Small-scale protests were conducted by a variety of activist groups in New York City, Cambridge (Massachusetts), Washington DC and Basel (Switzerland) on 22 and 23 Feb to coincide with pharma-giant Novartis’s AGM (held in Basel on 23 Feb). Action was also conducted at the firm’s Horsham, UK site on 25 Feb, and a social media campaign has been running for some time, with activists being encouraged to tweet disparaging messages about the company.
Novartis is currently under fire from HIV/AIDS, human rights and health activists for attempting to enforce its patent on the cancer drug Gleevec by initiating legal proceedings against the Indian government. Activists fear that the outcome of the case may spell an end to the cheap production of drugs in India, which are used to treat cancer and HIV among other ailments. Organisations such as Médecins Sans Frontières buy these drugs cheaply from India to provide treatment to people in impoverished areas, and would otherwise be unavailable to afford them. Protests on 22 Feb involved co-ordinated rallies (featuring several different activist groups) outside the firm’s offices, and student activists at the Cambridge offices were removed from the premises by police after trying to deliver a symbolic urn to company officials. On 23 Feb, groups of activists assembled outside the AGM venue in Basel, attempting to reach out and interact with shareholders – playing audio/videos that could allegedly be heard from inside the venue. This tactic is considered to have been particularly successful, and has been noted by other groups.
The 25 Feb protest in Horsham – during which an injunction against such activity was breached - saw a group of student AIDS activists (from Student Stop AIDS Campaign) act ‘dead’ outside one of the gates at the firm’s site, reciting chants in opposition to the firm’s actions. The campaign group have scheduled a ‘day of action’ in London on 13 March – with direct action planned against as-yet unspecified targets. Targets are likely to remain a secret, to be disclosed to activists on the day - as with the Horsham Novartis protest. Novartis does not have London offices, but targets are likely to include other pharmaceutical companies – especially Johnson & Johnson, who were targeted on their 2011 day of action. Around 100 students were involved in the 2011 actions, which involved a demonstration outside Johnson & Johnson’s HQ during which activists attempted to interact with employees, handed out flyers and “made noise”. Action continued with outreach at Boots pharmacies across the city, culminating in a ‘street theatre’ performance outside the flagship Boots pharmacy on Oxford Street. Later in the day, the students bombarded the Johnson & Johnson Facebook page with messages. Pharmaceutical companies and pharmacies in London should be prepared for similar action on 13 March.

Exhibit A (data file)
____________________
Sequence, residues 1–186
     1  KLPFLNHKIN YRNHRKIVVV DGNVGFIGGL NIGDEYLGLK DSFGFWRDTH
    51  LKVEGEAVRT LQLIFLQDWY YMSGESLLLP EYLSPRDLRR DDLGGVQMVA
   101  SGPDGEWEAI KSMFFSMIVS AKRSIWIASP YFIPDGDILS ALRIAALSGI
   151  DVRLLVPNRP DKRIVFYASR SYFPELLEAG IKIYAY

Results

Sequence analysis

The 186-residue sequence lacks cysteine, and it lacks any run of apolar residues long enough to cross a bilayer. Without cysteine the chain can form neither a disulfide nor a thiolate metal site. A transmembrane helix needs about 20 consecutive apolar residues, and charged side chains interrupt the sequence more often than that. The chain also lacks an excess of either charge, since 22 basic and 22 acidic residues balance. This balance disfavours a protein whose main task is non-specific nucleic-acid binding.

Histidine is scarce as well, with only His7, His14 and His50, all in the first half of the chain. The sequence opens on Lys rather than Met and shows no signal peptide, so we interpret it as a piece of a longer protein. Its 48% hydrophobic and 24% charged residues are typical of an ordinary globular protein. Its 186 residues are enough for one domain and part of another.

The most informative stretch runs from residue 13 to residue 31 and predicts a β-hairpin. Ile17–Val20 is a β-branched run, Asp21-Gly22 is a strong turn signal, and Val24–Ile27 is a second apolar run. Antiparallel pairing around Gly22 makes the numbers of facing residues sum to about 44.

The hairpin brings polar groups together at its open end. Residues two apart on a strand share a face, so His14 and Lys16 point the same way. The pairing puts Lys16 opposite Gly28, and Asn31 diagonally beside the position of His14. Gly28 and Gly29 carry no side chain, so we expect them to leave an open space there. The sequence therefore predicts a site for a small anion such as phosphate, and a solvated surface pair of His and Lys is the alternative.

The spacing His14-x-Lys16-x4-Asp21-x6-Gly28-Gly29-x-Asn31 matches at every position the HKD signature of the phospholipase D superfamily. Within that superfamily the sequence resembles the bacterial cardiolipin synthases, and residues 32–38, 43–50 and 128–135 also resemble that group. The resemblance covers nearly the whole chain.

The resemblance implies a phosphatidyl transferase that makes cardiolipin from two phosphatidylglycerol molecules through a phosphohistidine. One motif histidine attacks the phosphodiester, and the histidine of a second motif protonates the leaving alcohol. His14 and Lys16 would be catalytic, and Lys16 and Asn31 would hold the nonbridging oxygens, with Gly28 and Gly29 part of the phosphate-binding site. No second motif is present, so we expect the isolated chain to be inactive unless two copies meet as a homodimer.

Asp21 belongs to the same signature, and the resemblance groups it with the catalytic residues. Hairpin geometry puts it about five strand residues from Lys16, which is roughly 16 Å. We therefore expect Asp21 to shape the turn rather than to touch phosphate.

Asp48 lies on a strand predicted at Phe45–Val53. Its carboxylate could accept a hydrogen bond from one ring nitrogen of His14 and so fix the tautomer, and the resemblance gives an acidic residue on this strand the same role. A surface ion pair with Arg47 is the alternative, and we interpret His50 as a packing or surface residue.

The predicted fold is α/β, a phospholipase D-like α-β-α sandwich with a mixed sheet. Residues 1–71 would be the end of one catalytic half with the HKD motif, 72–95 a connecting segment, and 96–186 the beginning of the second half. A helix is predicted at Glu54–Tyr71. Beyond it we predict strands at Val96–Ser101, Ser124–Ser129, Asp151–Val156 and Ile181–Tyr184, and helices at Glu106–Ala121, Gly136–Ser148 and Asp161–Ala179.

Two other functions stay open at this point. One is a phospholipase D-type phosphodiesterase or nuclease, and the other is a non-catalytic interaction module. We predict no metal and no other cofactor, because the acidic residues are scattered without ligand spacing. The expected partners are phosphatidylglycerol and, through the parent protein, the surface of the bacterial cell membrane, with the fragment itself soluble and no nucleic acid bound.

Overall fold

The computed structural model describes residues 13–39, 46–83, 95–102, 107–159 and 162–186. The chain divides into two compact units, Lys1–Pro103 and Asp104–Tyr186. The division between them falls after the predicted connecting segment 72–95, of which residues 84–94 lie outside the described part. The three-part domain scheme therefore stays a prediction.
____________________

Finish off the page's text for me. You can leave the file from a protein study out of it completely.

Médecins Sans Frontières has launched a social media campaign in protest of the Novartis case, asking individuals to Tweet messages with the hashtag #StopNovartis, and an electronic petition has also been launched (on Avaaz, an online activist hub). Although some initial momentum was generated for these campaigns last week (with well over half of all Tweets about the firm containing the #StopNovartis hashtag at one point), in the wake of 23 Feb action, the response has weakened and general interest appears to be waning. However, higher-profile anti-pharma actions in the coming weeks may promote the cause more widely. In 2006, similar legal proceedings against the Indian government by Novartis saw a much greater public response (including half a million responses to a similar petition and the backing of high-profile signatories including Archbishop Desmond Tutu) – and although this ‘success’ has not been replicated in 2012, there remains time for things to escalate.
A final hearing on the trial is scheduled for 28 March, and further action against the firm is expected in the build-up to this date at locations internationally, with activists continuing to ask Novartis to ‘drop the case’. Pharmaceutical companies should note the progress of the trial and track the use of tactics, as in due course most are likely to be targeted in a similar fashion.